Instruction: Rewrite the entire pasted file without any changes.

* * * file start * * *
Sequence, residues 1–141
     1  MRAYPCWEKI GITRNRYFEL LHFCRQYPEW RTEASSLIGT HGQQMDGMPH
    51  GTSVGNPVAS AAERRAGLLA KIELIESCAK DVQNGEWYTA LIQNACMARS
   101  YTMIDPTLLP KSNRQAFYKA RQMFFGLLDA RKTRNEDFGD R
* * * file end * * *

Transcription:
Sequence, residues 1–141
     1  MRAYPCWEKI GITRNRYFEL LHFCRQYPEW RTEASSLIGT HGQQMDGMPH
    51  GTSVGNPVAS AAERRAGLLA KIELIESCAK DVQNGEWYTA LIQNACMARS
   101  YTMIDPTLLP KSNRQAFYKA RQMFFGLLDA RKTRNEDFGD R